For all the high-minded talk of ‘coalition dharma’ and ‘portfolio karma’, the tug-of-war between the Congress and the NCP is, at its core, about rather more mundane matters: it’s about how the spoils of power should be shared.
Put very bluntly, the NCP’s grouse is that the Congress, as the biggest party in the UPA, is cornering it all, leaving not even the crumbs for the “smaller” parties in the alliance.
The gloves have come off, and NCP leaders are beginning to give voice to it in blunt fashion. “The Congress has no respect for proportionate power-sharing in a coalition,” according to an NCP leader. “All governors, ambassadors, chairpersons of boards and commissions are appointed by them. We can’t even get a bank director.”
Another NCP leader was even more bitter. ”This,” he said, “is a Congress government. Allies are just props; garnishing on the Congress cake. We don’t feel that we belong here.”
The NCP is particularly livid because the Congress has been very efficient at leveraging the NCP’s goodwill, but rotten at reciprocating. Politics is all about “the system called reciprocity”, as Mama Morton says in Chicago (watch here). “When you’re good to Mama, Mama’s good to you.”
Thus for instance, when the Congress needed to mobilise wider political support for Pranab Mukherjee‘s candidature as President, it turned to the NCP to prime Sharad Pawar‘s home turf of Maharashtra. But when the NCP, having acted in good faith, reckons that one good turn deserves another, and it is now entitled to cash its chips – by asking for its candidate to be appointed a governor or the head of a bank – the Congress gets all huffy, and pulls rank.
NCP general secretary DP Tripathy reasons with disarming candour that the loaves and fishes of office ought to be shared between the alliance constituents. Power-sharing, he told the Indian Express, should be a function of relative strengths. “What about allotting some governors to allies as per their numerical strength? What about giving allies their share among nominated Rajya Sabha MPs or, for that matter, in different commissions and political appointments?”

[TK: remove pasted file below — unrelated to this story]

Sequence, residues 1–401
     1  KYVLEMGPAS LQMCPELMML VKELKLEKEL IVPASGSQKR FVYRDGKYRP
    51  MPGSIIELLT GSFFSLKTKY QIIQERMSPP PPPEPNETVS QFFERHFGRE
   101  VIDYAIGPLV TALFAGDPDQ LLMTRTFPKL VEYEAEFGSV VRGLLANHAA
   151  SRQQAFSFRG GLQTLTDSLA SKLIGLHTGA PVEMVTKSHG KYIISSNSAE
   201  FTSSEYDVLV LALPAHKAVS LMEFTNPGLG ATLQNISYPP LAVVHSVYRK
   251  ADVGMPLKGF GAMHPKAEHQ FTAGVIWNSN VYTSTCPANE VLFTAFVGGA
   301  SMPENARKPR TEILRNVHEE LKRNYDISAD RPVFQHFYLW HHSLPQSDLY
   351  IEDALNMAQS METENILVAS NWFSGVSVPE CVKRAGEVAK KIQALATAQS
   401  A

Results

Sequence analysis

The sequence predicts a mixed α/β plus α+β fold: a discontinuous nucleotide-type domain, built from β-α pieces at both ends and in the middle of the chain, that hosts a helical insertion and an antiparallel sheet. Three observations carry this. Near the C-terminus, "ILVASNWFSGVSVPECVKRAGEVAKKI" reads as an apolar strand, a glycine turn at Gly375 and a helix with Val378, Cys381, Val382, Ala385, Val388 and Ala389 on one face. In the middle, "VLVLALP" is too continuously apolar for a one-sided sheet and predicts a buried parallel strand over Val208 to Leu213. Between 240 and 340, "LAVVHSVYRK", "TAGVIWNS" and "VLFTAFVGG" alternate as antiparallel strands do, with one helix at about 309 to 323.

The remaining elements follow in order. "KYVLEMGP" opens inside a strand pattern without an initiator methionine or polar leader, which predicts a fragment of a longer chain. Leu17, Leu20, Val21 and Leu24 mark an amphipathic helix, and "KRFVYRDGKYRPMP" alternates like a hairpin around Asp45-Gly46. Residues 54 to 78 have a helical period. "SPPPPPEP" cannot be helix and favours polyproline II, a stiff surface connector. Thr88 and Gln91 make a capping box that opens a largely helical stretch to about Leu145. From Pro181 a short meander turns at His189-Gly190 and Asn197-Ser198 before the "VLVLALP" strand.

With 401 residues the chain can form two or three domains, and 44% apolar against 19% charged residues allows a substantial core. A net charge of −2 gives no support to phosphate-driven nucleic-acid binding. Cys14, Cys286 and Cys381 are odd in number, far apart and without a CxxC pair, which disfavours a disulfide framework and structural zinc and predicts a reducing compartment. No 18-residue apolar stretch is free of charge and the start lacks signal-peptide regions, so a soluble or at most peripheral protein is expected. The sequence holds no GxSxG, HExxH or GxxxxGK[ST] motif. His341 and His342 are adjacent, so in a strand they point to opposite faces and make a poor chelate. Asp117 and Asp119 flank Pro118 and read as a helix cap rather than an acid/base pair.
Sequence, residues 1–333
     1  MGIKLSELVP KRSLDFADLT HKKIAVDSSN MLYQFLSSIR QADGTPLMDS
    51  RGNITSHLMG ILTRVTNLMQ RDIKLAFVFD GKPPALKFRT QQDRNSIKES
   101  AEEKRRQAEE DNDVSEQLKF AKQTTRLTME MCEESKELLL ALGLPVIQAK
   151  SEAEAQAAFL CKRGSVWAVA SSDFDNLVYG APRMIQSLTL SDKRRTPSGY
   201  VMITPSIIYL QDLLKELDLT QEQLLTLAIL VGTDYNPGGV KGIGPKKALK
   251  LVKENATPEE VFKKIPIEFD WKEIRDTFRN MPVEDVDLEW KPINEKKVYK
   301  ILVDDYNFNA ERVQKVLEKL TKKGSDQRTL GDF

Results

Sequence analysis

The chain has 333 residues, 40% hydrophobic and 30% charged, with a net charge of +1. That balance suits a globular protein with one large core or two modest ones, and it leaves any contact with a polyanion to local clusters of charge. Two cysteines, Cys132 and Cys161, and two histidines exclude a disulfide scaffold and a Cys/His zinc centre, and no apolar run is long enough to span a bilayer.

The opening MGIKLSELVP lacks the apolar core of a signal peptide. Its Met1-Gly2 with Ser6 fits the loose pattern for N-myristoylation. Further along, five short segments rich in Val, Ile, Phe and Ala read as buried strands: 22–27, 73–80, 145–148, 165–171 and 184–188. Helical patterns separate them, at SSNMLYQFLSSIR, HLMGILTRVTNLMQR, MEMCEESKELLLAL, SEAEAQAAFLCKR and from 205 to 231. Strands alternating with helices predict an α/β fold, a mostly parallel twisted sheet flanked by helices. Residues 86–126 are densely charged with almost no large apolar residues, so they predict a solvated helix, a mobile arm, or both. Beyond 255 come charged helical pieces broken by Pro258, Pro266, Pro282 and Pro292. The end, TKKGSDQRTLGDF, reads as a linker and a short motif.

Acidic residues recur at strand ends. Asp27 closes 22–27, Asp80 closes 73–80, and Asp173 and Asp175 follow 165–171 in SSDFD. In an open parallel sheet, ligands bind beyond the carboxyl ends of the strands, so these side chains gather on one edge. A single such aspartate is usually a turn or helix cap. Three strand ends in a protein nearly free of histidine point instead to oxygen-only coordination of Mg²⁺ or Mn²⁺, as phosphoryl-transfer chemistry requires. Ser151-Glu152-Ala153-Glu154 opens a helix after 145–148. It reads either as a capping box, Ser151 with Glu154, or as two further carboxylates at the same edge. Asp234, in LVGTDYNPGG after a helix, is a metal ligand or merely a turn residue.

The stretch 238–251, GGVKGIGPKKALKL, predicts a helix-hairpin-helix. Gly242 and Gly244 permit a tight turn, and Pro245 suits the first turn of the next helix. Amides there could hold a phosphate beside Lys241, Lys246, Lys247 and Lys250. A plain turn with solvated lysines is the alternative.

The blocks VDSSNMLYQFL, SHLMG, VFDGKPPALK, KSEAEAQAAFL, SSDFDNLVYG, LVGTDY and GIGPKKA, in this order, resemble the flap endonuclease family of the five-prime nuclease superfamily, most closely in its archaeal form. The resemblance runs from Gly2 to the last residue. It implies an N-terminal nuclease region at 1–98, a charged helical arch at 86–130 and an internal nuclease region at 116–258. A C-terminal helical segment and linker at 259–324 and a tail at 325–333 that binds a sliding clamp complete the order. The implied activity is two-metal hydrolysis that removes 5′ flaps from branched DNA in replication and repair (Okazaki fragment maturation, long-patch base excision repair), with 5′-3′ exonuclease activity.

The cynical message of his plaintive cry: Everyone, not just the Congress, should get a chance to milk the mammaries of the welfare state.
One of the thing that rankles the most with NCP leaders today its the tag of being a ‘small party’, which some Congress leaders have affixed to it, with the suggestion that it should learn to be measured in the ‘demands’ it makes of the Congress.
NCP leader Praful Patel pointedly mentioned on Friday that Congress leaders had repeatedly claimed that the NCP, which had only nine MPs, was a “small party.” Evidently, he added, they had forgotten what Pawar had brought to the UPA table.
Pawar too invoked the ‘small party’ taunt in his letter to Manmohan Singh and to Sonia Gandhi, but used it to make a telling political point. “We are a small party,” he conceded. “So it doesn’t confer stature or respectability. So we need to build up our party for the future. Therefore, we need to devote more time to build up our party,” he noted, evidently to account for why NCP Ministers were resigning from the Manmohan Singh ministry.
The imagined slights just keep piling up: the NCP is miffed that the Congress did not deign to discuss the imminent appointment of PJ Kurien as the deputy leader of the Rajya Sabha; and now, the buzz is that Sushil Kumar Shinde, whom Pawar inducted into politics, is to be made leader of the Lok Sabha, in place of Pranab Mukherjee, now just a step away from the Presidency. And with Rahul Gandhi all set to take the fast elevator to the top of the Congress heap, Pawar’s position in the ministerial pecking order is bound to slip even further.
The Congress, with an eye on survival, may yet yield ground and concede most of the NCP’s demands. But there’s one – his opposition to the Food Security Bill – on which it cannot afford to give way, because it goes to the core of one of Sonia Gandhi‘s strategy to win votes ahead of the next general election. As the Agriculture Minister, Pawar has set himself against what he sees as an ill-conceived populist scheme that made for bad economics.
But even there the Congress can devise a way out – by shifting Pawar to, say, Defence (which he will be happy to take up, having served earlier in that relatively more weighty ministry), and by appointing a more pliant Minister to replace Pawar.
But this ‘Pawar play’ is only a symptom of the UPA’s larger failing: for all the recent talk, particularly after Mamata Banerjee fell in line to back Pranab Mukherjee’s candidature for the presidency, that the UPA has found its groove back, the UPA government is a hostage to its constituent allies. From now until the next election, it is fated to the ‘death by a thousand cuts’ treatment.
Although Mamata Banerjee was chastened by the political compulsions that led her to back Mukherjee’s candidature (after attempting unsuccessfully to sabotage his nomination), she hasn’t exactly surrendered tamely. Even today, she is sharpening her sword, ready to kill any “anti-people” bill that the UPA may put forward.
Pawar’s and Mamata’s power play are the surest signs that the smaller alliance parties have sensed that the Congress today is an enfeebled beast. They have scented blood, and like sharks moving in for their kill, are circling the waters. The lameduck UPA government may have just got a little more lame.